Apple Watch Wakes Up to Sleep Tracking

Overdue feature rolling out with watchOS 7

Apple’s Worldwide Developers Conference (WWDC) hit the headlines last week, bringing a slew of developments to its operating systems including iOS, iPadOS, macOS and tvOS. But the platform I was keeping a really close eye on was watchOS. I was on the lookout for any hints that could indicate the possible feature set of the Apple Watch Series 6, which is expected to launch later in 2020, most likely in September along with the newest iPhones.

Although WWDC 2020 devoted a relatively short amount of time to watchOS 7, it provided some clues about the future direction of the Apple Watch.

The most telling announcement was the addition of sleep tracking to watchOS. This is a feature that’s been conspicuously absent from the device, mainly because of battery life restrictions, I believe. On its website Apple says its “goal for battery life is 18 hours after an overnight charge” making it unlikely that wearers can get through an entire day and night on one charge. Apple also says that charging takes about 1.5 hours to 80% and about two hours to 100%.

It may be that Apple has avoided sleep tracking so far to avoid highlighting this shortcoming. If that’s the case, I believe the decision to enable sleep analysis indicates that the next-generation Apple Watch will marry a greatly enhanced battery life and rapid charging, enabling near-continuous wear for at least a couple of days. Poor battery life has long been one of the drawbacks of the Apple Watch, so such improvements would prove popular with customers.

Sleep tracking also adds another tool to the health-monitoring capabilities of the Apple Watch, which is increasingly marketed as an all-round health-guardian device. WWDC 2020 didn’t offer any hints about new health sensors on the Watch Series 7 as this would be a hardware, rather than software, announcement and could dampen demand for its current portfolio. However, I’d be extremely surprised to see Apple’s new wearable launch without any new health-tracking sensors, and measurement of skin temperature could be a particularly timely addition given the ongoing health crisis as a result of the Covid-19 pandemic.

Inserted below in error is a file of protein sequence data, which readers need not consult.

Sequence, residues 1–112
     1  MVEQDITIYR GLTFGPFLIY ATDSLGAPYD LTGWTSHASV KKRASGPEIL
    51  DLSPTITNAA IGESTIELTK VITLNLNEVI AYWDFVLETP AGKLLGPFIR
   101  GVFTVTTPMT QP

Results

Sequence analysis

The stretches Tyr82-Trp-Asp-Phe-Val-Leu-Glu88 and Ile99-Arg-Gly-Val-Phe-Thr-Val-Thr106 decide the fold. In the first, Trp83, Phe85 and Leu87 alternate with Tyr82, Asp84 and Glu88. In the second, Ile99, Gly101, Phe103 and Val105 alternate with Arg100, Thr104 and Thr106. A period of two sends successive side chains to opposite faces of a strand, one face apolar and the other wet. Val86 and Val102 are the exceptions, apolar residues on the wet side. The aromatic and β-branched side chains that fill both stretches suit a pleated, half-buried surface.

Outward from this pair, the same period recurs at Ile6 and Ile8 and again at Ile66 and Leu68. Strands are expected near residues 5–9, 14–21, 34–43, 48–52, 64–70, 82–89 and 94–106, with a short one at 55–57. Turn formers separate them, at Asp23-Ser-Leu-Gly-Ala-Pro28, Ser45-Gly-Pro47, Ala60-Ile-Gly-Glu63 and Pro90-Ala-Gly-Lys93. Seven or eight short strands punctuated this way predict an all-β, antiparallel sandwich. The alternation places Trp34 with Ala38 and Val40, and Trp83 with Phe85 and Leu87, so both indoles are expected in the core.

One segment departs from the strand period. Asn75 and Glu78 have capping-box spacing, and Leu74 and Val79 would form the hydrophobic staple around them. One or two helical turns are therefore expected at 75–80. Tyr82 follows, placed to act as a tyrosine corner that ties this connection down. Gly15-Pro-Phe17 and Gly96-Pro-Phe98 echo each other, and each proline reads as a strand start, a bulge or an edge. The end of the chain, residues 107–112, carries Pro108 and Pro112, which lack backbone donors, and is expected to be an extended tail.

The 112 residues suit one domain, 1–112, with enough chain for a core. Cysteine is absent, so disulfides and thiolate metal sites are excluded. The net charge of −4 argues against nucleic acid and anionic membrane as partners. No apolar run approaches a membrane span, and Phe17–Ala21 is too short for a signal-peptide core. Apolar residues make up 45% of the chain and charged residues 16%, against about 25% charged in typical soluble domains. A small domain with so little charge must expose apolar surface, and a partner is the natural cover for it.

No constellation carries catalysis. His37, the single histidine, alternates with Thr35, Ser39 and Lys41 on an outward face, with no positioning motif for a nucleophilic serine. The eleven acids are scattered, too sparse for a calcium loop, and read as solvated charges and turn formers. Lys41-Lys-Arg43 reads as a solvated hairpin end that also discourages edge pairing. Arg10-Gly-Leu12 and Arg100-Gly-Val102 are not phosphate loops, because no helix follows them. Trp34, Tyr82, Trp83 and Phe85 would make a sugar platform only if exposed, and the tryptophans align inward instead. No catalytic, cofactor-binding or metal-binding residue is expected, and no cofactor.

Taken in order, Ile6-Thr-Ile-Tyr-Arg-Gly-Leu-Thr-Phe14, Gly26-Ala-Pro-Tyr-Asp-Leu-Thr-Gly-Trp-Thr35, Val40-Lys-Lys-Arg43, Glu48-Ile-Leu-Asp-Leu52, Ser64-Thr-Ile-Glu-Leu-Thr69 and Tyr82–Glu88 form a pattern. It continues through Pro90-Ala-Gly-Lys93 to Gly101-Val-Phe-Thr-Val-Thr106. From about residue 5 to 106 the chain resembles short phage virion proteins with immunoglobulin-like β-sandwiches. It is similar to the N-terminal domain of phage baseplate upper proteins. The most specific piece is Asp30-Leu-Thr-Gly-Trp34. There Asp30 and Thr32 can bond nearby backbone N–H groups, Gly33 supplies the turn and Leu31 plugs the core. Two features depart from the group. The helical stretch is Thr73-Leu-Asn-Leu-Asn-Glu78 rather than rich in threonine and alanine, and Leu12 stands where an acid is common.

On that topic, Apple announced automatic hand-washing detection on watchOS 7, which harnesses the Watch’s motion sensors, microphone and on-device machine learning to detect hand-washing sounds and motions. Users are automatically given a 20-second countdown, with prompts to keep washing if they try to finish before time is up. The Watch can also remind wearers to wash their hands when they return home. I’m sceptical about the need for this particular application of advanced machine learning and about the “well done!” message shown when users complete a wash, which carries a slightly patronizing tone. Nonetheless, Apple will almost certainly highlight this as an important use of its technology for the good of public health.

Further changes to watchOS are largely incremental. Apple promised that Watch faces will become more personalized and customizable, bringing more “complications” — additional dials and micro-updates for things like temperature, sports performance, time zones and more — than ever before. The Activity app will be rebranded as Fitness and will include new workouts such as dance. Cycling directions will also be a new addition to the Watch, integrating with deeper investment that Apple is making to its Maps to support bikes. All these updates promise to make the device more usable and useful in day-to-day life for many people.

It’s fair to say that overall, it wasn’t a blockbuster set of announcements for watchOS, and I was surprised to see no progress on a more fully featured standalone mode, or the ability to sync with other devices such as the iPad. However, the developments further polish an operating system that’s streets ahead of the competition, cementing the Apple Watch’s position as one of the most capable and complete wearables on the market.

Sleep tracking is a welcome and long-overdue addition that provides a further string to the Watch’s bow. If the Series 6 supports this with enhanced battery life, then one of the biggest weaknesses of the Watch will finally have been overcome. In the race for wearables dominance, all eyes will be on Apple come September.

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